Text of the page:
Surely, it is this very attitude that Jesus teaches his disciples in today’s Gospel, a lesson that St. Thomas More would gladly learn and live by 1500 years later.  “Fear no one” said Jesus. Do not let men intimidate you. And so even a brutal tyrant like Henry VIII could not intimidate a Thomas More to violate his conscience and abandon his Catholic faith by denying that the Successor of St. Peter is head of Christ’s Church in this world. “Do not fear those who deprive the body of life, but cannot destroy the soul,” said Jesus.  Ans so, the brutal Henry could destroy Thomas More’s bodily life, but he could not touch his soul.  Only Thomas More could harm his own soul by denying his faith, and St. Thomas knew that only God could send him to Hell for denying his faith.  So he did not yield his soul to Henry, who could only send him to the executioner and take away his bodily life. St. Thomas only feared God who could take away the life of Grace and send both his body and soul to Hell.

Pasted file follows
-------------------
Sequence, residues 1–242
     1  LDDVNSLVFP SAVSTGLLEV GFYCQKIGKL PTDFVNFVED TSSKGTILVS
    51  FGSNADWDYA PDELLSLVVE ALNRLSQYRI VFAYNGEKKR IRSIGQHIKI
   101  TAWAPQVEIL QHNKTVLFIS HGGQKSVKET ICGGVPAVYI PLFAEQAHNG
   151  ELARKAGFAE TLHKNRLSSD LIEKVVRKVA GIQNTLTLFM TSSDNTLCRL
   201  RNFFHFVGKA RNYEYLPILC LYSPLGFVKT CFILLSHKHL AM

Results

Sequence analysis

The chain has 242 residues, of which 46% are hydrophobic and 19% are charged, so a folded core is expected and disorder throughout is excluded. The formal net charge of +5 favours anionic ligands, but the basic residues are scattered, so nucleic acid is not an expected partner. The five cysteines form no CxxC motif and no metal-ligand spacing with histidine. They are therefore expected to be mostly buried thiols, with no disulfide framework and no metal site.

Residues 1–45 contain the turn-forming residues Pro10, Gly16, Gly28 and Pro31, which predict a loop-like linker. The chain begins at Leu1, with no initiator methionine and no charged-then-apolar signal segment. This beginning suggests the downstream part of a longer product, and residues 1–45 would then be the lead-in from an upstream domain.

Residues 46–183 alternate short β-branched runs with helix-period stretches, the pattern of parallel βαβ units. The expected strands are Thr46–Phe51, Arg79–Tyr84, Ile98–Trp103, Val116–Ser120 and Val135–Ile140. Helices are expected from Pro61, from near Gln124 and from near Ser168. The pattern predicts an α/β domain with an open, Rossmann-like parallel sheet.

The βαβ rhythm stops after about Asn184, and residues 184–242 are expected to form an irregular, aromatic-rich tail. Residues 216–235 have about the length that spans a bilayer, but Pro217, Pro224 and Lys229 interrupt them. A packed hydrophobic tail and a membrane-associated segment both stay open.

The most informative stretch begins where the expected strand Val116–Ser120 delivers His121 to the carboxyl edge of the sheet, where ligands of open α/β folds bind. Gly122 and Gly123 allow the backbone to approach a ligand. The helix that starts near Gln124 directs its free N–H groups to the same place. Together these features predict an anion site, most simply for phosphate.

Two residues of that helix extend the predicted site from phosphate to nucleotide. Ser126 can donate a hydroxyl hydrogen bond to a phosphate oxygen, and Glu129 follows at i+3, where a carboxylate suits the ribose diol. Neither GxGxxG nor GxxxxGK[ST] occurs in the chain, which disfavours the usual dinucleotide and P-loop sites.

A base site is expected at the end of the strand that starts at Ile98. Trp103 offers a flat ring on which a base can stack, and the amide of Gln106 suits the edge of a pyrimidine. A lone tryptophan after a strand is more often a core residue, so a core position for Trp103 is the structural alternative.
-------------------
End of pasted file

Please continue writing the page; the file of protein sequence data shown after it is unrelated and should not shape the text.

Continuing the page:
Now this is not speculation, for we know that St. Thomas More thought this way. We still have a letter sent to his daughter from Prison, in which he speaks of this salutary fear of God and his fear of the  possibility that he might betray God and lose his soul.  But at the same time the great saint speaks of his love of God and his trust in God’s mercy, based not on his merits, but on the merits of His Redeemer. He writes this:

By the merits of His bitter passion joined to mine, and far surpassing in merit for me all that I can suffer myself, his bounteous goodness shall release me from the pains of purgatory and shall increase my reward in heaven besides.  I will not mistrust him, Meg…  I know this well, that without my own fault he will not let me be lost … and if he permits me to perish for my own faults, then I shall serve as praise for his justice.  But in good faith, Meg, I trust that his tender pity shall keep my poor soul safe and make me rather serve to commend his mercy.  And therefore my good daughter, do not let your mind be troubled over anything that shall happen to me in this world.”